17/ Indeed, today’s plea coming so close on the heels of Mueller asking Kushner to come in and talk about Flynn suggests Kushner is also a target of the Russia probe. Perhaps Mueller didn’t think Kushner would flip on family, so he set him up to Make False Statements about Flynn.
18/ This is critical: Flynn pleading guilty today means he was cooperating with Mueller *before* this. You don’t offer value to a prosecution *after* you plead, you offer it beforehand—via what’s called a “proffer” of info (that incriminates others). That’s what earns you a deal.
19/ So it’s entirely possible that when Mueller called Kushner in to talk about Flynn, he already had everything Flynn planned to give him—meaning he was *testing* Kushner to see if Kushner would lie about events Mueller was already fully informed about via Flynn’s prior proffer.
20/ That proffer may have incriminated not just Trump and Kushner and—perhaps—Pence, but any number of Trump NatSec (or simply “top”) aides: Manafort, Sessions, Clovis, Hicks, Lewandowski, Page, and Gordon, to name a few. We may not know, however, until someone else is indicted.
21/ Mueller isn’t obligated to tell the public what Flynn told him. We’ll first learn of it (for all but Trump) via future indictments of those Flynn incriminated. As for Trump, he can’t be criminally tried as POTUS, and probably can’t even be indicted, so it’ll work differently.
22/ What Flynn told Mueller about Trump will first appear in an indictment of a third party—quite possible, if the third party was/is close enough to Trump—or else in the final report Mueller is tasked with giving Rod Rosenstein at the DOJ (though that may take a while to come).
23/ How long it will take Mueller to issue indictments based on Flynn’s proffer? It’s hard to say: it depends on what evidence was given, what evidence Mueller already had, what additional investigation he wants to do on that person (perhaps to bring further charges), and so on.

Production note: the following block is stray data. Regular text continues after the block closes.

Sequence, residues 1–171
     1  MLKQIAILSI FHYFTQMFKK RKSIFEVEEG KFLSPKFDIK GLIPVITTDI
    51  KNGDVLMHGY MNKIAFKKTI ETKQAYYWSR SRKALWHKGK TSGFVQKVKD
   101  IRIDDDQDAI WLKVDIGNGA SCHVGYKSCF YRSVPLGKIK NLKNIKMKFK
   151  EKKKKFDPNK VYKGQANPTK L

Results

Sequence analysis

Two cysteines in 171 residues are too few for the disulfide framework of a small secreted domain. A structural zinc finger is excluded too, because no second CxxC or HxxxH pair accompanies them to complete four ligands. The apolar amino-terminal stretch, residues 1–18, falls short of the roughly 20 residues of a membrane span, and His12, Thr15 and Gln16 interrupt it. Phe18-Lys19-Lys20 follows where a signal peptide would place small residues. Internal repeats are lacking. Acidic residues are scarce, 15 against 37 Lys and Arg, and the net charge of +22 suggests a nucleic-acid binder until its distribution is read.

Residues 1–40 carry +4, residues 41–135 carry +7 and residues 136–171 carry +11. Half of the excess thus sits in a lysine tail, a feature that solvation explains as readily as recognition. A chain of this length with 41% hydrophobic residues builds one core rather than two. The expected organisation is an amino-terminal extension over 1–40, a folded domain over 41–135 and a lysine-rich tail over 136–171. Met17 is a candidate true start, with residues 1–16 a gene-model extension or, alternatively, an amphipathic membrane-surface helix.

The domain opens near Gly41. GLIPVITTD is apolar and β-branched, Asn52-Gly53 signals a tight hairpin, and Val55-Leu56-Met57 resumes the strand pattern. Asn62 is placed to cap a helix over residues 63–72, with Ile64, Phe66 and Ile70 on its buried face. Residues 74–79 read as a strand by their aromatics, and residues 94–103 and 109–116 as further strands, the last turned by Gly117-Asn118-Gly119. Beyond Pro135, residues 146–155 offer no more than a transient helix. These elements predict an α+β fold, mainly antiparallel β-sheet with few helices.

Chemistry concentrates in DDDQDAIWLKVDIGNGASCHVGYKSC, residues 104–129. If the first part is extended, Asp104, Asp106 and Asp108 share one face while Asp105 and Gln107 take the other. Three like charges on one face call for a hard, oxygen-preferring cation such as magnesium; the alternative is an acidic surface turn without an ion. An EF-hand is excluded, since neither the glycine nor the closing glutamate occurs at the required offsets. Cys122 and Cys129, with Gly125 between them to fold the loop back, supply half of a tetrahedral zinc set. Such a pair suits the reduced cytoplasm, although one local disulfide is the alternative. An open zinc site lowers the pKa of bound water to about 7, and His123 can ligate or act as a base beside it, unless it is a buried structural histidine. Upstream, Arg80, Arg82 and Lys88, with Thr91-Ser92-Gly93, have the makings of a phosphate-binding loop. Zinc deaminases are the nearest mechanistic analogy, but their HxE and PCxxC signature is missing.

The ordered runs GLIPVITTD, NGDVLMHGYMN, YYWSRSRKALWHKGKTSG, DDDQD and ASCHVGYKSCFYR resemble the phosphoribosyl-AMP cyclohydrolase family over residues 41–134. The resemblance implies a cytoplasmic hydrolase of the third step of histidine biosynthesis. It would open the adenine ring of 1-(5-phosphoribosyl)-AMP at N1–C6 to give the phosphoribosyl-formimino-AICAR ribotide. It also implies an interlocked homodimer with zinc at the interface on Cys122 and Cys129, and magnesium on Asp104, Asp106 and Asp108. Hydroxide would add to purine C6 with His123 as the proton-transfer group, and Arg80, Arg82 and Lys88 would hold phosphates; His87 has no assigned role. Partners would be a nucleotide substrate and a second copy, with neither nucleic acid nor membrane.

24/ But Mueller may act on Flynn’s proffer at any time, which means—and here’s another critical point—the daily, harrowing watch to see if Trump will attempt to fire Special Counsel Bob Mueller begins in earnest *now*.
If Trump moves to fire Mueller, all hell will break loose.
25/ I’ve long said that Trump *will* move to fire Mueller—simply because doing so would quickly become one of his only options for self-preservation when/if Mike Flynn or another top associate entered into the cooperation deal with the Special Counsel.
Well, we’re finally here.
26/ As I’ve said, we now have reason to believe—to a near-certainty—Flynn can incriminate Trump. And as noted, the range of potential crimes is vast. Did Flynn tell Trump and/or Pence the truth about his Russia contacts as they were happening—despite what the White House claimed?
27/ Remember, besides a long course of conduct involving both Obstruction of Justice and Witness Tampering—of Sally Yates, of Comey, of Jr., of Flynn himself, of Sessions, and of various Congressional investigators—Trump is being looked at for Aiding and Abetting Computer Crimes.
28/ In the Aiding and Abetting Computer Crimes probe, the question is a) when Trump knew Russia was committing crimes against the United States, and b) whether and how Trump offered Russia anything of financial or political value ostensibly for “free” after he had this knowledge.
29/ If Donald Trump learned Russia was committing crimes against America and subsequently offered—unilaterally—policy shifts of political or financial value directly to Russian agents either himself or through intermediaries, he’s guilty of a crime as great as the underlying one.
30/ We know Trump knew there was a “high likelihood” (the legal standard in this case) Russia was committing crimes against America as of August 17, 2016, when he received his first security briefing as a presidential candidate. A speech in late July suggests he knew it earlier.
31/ But given that Mike Flynn dined with Vladimir Putin in Moscow in December of 2015—after he’d been a key Trump campaign foreign policy and national security advisor for four months—it’s possible Trump had this knowledge as early as the fall of 2015 or the winter of 2015-2016.
32/ This is the key information Mike Flynn can offer: what Trump knew about Russian crimes, and when; and also, what actions he directed his national security advisory apparatus to take—possibly in response to this knowledge—and when. For instance, secret sanctions negotiations.
33/ We know Flynn was engaged in secret sanctions negotiations with Russia that Trump—rather oddly—said he “would have told him” to engage in throughout December of 2016. But we’ve *no* idea if this was the first time such negotiations occurred. Flynn will have this information.